• Jayson

      The point of a carbon tax isn’t for the tax money to reduce pollution (it can if it’s invested in green technology), it’s the extra expense of the tax that is meant to change behavior. Suddenly being inefficient and wasteful becomes more expense, so people will change their behavior to try and avoid that expense. Companies especially will do it, because they love avoiding expenses at least as much as their competitors do.

      The only way a carbon tax will fail to reduce carbon emissions is if the tax is too low and people don’t even notice the extra expense. A few extra pennies on a heating bill isn’t going to make someone replace the drafty windows in their house, but a few extra dollars a month will suddenly make the new windows worth it.

      • Harold

        Yes Jayson, thats exactly the bill-of-goods you’ve been sold.
        If I understand you correctly, Its likened to how a photo-radar tax hurts the rich, and gets them off the road. The higher the tax, the more off the road, for public safety, and government spending.
        I believe that anyone supporting this Carbon Tax, should be the very one’s who face to face, go to collect it. Supporters should bring a Peace Officer with them to help prove the Theory.

        • Jayson

          It’s the same idea that’s behind speeding tickets and fines.

          Take a bad behavior you want people to stop doing, in the case of photo radar tickets it’s speeding and running red lights. Send people large fines for speeding and running red lights, people who speed and run red lights find out quickly that speeding and running red lights is expensive. So they stop doing it, or at least be more careful to do it only where there isn’t a red light camera. Either way, bad behavior is changed. Sure, some unsuspecting out of towner who blows through a red light while lost might get a ticket. Sure, the safe driver who never speeds but missed a sign might get a ticket. Sure, the reckless idiot who always speeds might get a ticket and continue to speed. Sure, the very rich person might get a ticket and laugh it off as pocket change and continue to run red lights.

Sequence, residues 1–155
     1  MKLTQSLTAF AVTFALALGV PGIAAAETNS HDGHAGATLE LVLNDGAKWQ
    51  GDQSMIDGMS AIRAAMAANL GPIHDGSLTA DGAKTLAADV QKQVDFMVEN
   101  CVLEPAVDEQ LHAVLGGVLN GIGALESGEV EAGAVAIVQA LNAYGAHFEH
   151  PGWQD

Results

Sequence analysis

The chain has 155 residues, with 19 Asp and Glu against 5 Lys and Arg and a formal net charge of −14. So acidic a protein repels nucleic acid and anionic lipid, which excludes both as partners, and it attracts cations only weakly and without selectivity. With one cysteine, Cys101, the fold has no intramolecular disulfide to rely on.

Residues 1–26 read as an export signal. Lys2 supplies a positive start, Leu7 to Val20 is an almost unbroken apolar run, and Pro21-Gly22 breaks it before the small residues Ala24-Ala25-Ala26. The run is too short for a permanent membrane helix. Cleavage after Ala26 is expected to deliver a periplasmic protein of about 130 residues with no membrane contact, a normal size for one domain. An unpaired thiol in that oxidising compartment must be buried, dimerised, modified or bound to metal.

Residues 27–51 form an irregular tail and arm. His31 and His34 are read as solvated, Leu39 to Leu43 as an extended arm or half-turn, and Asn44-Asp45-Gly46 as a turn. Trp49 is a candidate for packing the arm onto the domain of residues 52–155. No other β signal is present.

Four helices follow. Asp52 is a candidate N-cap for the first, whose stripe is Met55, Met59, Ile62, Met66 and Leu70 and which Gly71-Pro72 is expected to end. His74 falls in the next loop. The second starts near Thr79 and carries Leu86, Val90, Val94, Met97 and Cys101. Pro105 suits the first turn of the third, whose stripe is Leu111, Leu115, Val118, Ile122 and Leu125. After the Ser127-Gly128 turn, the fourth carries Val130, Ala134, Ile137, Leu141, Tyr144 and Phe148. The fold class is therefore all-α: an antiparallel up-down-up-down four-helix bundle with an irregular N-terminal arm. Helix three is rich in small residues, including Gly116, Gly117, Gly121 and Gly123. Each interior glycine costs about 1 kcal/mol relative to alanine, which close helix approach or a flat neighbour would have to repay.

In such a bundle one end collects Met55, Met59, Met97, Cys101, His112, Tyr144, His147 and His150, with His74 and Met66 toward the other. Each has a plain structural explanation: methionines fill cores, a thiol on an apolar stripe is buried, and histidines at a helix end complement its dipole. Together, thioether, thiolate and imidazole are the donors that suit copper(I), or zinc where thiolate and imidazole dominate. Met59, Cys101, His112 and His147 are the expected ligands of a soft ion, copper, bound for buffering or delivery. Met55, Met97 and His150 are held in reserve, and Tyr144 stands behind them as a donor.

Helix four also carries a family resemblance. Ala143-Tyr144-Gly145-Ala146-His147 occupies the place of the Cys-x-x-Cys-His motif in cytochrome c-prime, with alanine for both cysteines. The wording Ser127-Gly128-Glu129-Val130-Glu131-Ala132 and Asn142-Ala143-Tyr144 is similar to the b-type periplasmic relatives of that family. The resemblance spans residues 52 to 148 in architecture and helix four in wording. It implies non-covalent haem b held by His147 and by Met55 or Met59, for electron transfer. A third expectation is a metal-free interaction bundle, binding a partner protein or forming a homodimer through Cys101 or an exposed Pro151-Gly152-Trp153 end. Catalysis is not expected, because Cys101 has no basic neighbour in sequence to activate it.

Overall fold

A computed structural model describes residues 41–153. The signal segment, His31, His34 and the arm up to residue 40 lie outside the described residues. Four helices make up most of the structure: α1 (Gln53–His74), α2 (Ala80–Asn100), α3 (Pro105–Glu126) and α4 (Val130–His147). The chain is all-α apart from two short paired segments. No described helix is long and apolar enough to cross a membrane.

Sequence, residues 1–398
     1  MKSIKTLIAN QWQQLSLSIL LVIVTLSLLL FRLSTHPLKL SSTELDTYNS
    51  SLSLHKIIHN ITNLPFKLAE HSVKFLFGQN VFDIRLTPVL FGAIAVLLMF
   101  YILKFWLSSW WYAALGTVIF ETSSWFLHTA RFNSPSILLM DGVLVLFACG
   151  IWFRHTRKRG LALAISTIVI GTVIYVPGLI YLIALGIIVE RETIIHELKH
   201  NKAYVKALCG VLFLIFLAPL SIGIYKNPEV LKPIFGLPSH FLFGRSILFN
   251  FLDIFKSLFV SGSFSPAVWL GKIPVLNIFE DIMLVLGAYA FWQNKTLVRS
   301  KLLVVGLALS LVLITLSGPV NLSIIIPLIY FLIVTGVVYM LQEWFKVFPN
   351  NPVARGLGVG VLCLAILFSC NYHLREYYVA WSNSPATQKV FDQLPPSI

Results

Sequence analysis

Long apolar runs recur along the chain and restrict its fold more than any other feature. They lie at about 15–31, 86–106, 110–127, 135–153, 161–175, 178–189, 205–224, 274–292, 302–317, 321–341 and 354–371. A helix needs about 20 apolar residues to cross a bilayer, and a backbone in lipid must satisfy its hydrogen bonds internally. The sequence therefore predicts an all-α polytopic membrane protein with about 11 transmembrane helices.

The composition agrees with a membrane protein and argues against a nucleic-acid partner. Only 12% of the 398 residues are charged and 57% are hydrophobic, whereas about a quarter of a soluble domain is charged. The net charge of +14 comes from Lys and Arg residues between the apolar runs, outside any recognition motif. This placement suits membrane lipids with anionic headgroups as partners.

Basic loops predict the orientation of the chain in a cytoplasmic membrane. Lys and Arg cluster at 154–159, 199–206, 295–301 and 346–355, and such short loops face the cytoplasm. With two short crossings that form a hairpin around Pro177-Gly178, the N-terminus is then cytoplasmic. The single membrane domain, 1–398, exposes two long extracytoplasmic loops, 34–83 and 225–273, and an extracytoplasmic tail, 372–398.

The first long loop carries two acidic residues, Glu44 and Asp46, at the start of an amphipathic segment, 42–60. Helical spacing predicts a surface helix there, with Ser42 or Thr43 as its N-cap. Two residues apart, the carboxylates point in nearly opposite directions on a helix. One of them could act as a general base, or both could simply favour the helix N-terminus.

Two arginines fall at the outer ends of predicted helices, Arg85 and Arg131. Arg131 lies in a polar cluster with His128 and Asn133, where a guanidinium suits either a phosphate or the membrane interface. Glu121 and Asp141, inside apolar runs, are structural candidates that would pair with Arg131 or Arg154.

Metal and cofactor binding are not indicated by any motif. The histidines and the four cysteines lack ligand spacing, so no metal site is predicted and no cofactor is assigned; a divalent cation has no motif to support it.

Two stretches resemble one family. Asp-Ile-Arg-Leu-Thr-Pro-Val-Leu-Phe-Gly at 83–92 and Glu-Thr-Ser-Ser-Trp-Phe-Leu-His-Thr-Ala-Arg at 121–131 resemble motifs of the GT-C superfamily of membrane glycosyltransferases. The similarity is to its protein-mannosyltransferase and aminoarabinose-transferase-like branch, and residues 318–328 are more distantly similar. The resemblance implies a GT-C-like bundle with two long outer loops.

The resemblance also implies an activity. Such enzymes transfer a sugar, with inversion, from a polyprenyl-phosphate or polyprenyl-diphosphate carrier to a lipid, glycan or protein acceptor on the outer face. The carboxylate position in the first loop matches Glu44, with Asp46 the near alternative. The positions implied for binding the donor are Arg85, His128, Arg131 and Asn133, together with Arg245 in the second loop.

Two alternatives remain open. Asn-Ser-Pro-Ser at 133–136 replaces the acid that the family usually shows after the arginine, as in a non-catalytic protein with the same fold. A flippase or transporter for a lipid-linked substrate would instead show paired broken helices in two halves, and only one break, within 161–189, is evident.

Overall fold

Carbon tax, red light cameras, tobacco taxes. None of these systems will work perfectly to change everyone’s behavior, but more or else they nudge people towards doing what’s right. Worst case, they at least collect a “deposit” from people who refuse to change that can be spent on a wider public good. Healthcare for smokers, green technology for polluters, more municipal police funding for dangerous drivers.

          • Harold

            You’ve validated that I do understand you correctly. However, you have missed the point and clearly you have no investments.
            Everything. is a rich man’s club. and as you have described, you are legally in servitude to that club. Those protesting, believe otherwise.

      • Guest

        Good point Jayson!

  • Wayne Tuck

    This issue of carbon taxation is nothing more than a greedy tax grab by government. All of Canada’s carbon emissions amount to less than 2% of the total global emissions. With that in mind our attempt to regulate carbon emissions should be proportionate to our contribution to the carbon pool.